Okay, I admit this is a poor photo of the inside. It so does not reflect the fragrance and spiciness of the dried shrimp and the 'just right' texture of the glutinous rice hot off the grill.

The Hainanese chicken rice ($9.50), on the other hand, was less impressive. The steamed chicken was far from the succulent, the rice too dry and not sufficiently fragrant. Their home-made chilli sauce made up for it, though.

No complains on the wat tan hor ($11.00), though! The generous serving of wok-seared flat rice noodles immersed in a creamish egg sauce with chicken and mixed (real) seafood deserved two thumbs up. Of course, best eaten with them pickled green chilli!

The meal was capped off with a bowl of ais kacang ($5.00), which they called air batu campur instead.

Hm, I still prefer those they make up at Sambal. However, not too bad a job by Chef Tan, the person behind this set up. The ex-chef of two other famous Malaysian restaurants in Sydney - The Malaya and Neptune Palace, he is also formerly the Executive Chef of Malaysia Airlines (MAS), the national carrier of Malaysia.

If you are breaking fast during this soon-to-end Ramadhan, pay Chef Tan a visit at this halal joint of his.

Malacca Straits on Urbanspoon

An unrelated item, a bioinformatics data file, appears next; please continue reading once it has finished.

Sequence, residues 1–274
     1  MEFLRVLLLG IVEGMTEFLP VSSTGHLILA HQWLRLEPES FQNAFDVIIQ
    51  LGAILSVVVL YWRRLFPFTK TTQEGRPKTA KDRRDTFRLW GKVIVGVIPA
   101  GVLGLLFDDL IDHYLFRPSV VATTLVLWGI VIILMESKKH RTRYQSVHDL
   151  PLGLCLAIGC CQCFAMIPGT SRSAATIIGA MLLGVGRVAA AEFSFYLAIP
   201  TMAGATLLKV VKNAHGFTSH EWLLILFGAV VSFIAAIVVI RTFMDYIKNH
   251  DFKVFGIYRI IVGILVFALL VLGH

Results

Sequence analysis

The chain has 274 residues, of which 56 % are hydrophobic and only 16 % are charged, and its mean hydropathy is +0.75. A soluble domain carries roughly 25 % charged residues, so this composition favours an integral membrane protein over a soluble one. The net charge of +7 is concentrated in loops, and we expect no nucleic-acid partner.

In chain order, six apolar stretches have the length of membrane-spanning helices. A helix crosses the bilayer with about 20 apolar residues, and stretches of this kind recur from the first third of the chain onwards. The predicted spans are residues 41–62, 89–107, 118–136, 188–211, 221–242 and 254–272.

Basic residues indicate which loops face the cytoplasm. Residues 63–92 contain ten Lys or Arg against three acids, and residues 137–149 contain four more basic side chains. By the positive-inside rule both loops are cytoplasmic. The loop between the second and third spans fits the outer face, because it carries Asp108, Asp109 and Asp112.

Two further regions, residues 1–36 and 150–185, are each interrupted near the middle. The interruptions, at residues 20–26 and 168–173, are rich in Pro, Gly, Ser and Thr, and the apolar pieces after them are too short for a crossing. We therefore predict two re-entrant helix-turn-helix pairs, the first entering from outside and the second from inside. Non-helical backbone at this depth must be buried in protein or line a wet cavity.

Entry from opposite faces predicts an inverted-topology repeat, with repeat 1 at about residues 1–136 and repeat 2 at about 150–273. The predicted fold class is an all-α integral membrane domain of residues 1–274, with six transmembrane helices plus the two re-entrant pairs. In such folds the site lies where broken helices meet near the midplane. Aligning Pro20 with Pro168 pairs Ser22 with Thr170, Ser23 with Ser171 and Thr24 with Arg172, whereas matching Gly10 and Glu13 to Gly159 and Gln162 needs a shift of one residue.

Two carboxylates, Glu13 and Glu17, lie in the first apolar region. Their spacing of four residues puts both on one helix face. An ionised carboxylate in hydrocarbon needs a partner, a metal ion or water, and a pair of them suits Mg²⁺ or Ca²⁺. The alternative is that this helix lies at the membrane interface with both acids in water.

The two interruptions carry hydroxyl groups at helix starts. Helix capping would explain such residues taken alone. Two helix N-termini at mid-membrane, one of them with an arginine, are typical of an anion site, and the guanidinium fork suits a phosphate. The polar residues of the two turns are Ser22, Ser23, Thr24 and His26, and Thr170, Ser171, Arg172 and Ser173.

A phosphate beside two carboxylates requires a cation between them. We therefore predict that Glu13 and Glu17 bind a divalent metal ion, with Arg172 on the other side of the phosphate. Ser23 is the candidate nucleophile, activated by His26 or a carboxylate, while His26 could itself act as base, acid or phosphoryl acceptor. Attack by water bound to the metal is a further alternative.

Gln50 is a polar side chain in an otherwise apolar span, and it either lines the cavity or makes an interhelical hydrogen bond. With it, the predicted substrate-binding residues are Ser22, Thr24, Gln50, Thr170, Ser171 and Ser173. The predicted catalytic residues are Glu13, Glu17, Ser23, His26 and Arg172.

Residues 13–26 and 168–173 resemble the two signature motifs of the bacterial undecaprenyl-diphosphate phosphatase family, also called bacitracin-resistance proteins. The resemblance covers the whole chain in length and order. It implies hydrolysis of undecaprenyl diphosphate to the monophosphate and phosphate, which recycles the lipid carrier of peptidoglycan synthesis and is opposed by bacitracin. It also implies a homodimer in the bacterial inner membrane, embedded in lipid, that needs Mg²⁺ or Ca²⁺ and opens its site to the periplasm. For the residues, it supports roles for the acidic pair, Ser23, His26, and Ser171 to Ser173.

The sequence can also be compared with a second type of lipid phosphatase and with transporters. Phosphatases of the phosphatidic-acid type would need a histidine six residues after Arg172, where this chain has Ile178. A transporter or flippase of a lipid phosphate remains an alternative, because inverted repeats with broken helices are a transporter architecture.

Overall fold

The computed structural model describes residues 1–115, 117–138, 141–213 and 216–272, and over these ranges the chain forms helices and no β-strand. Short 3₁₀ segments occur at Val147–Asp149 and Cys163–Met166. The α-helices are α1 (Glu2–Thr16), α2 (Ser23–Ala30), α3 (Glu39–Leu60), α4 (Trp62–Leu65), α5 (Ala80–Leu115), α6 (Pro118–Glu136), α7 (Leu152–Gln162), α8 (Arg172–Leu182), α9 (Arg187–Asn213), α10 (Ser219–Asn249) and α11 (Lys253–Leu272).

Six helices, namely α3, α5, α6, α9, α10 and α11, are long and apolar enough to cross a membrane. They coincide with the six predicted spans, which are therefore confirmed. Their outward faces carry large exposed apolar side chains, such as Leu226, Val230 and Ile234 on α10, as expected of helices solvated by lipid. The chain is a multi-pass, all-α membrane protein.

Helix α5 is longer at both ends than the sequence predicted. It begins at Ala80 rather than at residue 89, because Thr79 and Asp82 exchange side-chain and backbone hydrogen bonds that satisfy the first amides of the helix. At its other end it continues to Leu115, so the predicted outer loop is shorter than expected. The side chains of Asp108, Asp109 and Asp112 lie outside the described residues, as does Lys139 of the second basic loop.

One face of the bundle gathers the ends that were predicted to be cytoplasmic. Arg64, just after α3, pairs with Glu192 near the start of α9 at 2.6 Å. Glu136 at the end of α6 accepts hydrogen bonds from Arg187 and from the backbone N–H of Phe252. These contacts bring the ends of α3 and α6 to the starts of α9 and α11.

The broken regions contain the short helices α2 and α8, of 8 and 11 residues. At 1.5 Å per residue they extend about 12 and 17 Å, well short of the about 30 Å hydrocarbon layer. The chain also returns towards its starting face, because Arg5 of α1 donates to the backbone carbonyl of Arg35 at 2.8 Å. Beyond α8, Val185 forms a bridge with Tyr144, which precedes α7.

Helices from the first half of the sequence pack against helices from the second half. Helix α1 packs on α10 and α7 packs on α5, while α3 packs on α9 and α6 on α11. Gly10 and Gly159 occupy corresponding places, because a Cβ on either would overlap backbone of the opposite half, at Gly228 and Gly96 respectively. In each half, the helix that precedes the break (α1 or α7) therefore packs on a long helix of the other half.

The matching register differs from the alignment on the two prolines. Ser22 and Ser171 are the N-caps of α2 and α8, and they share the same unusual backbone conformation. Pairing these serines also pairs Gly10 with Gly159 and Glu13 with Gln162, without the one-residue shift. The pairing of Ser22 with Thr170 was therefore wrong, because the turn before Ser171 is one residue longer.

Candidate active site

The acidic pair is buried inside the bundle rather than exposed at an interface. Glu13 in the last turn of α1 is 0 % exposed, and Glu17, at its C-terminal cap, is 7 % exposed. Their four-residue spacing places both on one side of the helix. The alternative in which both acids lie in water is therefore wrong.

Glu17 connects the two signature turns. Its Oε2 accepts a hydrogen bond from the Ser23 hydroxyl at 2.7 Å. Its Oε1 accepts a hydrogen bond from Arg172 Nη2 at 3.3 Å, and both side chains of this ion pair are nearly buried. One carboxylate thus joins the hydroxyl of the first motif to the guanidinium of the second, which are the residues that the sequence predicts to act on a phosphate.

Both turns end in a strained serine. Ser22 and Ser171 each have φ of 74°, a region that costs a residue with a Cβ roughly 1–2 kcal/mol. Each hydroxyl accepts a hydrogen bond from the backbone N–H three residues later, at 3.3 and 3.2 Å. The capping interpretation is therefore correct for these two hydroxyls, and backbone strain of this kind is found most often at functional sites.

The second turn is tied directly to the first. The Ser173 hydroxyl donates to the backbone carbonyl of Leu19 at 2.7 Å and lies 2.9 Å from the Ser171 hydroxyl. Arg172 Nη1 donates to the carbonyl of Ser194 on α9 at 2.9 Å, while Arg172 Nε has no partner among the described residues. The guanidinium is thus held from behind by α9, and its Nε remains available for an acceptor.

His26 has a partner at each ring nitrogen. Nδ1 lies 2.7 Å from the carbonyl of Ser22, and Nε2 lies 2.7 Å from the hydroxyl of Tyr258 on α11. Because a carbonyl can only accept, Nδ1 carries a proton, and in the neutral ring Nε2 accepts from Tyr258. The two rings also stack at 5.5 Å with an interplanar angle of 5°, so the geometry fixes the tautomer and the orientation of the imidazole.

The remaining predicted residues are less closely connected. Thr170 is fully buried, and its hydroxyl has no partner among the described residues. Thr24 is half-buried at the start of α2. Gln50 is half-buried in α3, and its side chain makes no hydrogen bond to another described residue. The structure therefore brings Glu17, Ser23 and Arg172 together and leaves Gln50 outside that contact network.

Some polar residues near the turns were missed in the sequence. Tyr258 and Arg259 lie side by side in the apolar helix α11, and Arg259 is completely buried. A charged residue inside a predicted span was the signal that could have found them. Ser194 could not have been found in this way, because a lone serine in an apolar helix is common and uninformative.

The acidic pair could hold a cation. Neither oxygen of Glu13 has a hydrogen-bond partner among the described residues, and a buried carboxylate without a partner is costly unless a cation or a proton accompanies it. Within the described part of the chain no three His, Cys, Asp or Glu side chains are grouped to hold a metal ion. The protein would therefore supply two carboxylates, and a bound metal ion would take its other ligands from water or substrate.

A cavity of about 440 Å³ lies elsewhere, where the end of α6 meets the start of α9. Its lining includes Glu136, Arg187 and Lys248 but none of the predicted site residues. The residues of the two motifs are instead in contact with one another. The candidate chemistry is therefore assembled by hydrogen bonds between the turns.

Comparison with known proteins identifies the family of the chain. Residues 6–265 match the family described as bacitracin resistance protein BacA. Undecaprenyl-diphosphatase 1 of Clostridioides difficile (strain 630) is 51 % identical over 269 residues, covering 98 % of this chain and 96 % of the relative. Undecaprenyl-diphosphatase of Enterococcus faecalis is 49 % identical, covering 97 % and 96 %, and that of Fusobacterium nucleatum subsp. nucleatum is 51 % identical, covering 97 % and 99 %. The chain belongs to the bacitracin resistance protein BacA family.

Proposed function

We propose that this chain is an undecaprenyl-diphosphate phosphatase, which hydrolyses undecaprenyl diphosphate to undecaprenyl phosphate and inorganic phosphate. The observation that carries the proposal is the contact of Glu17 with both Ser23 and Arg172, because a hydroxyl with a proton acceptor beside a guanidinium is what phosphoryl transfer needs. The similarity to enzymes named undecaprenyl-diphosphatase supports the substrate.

Malacca Straits on Broadway
66 Mountain Street, Broadway, NSW 2007
Tel: +61 2 8021 7069
Monday to Saturday: 11:00am to 10:00pm
Cards welcome but with a minimum spend of $15

Saturday, August 20, 2011


Bagan is the name of an ancient city in the Mandalay Division of Burma. The ruins of Bagan cover an area of 16 square miles and the majority of its buildings were built in the 11th to 13th century, during the time Bagan was the capital of the First Burmese Empire. As such, the restaurant had decor that attempted to reflect the rich history of its country (with a heavy Buddhist influence).

On their appetizer list included the following two dishes:

Green mango seasoning ($5.50), a great way to intrigue the taste buds! If you enjoy sour tastes, this is definitely your dish! And then the mains arrived, starting with their famous pork curry with green mango pickle ($8.50).

Okay, down the fat lane for sure now. Imagine rendang (okay, weird to have pork rendang) with a tinge of sweet and sour because of the mango. And spicy because of the curry. Yes, symphony of tastes - thumbs up, especially with the pork so tender!

The Bagan chicken ($12) was a little like honey chicken just done lots better. We even kept half to bring home.

I did not take down the name of this dish and the price of it but if my memory serves me correctly, it was salt and pepper bean curd and we totally loved it!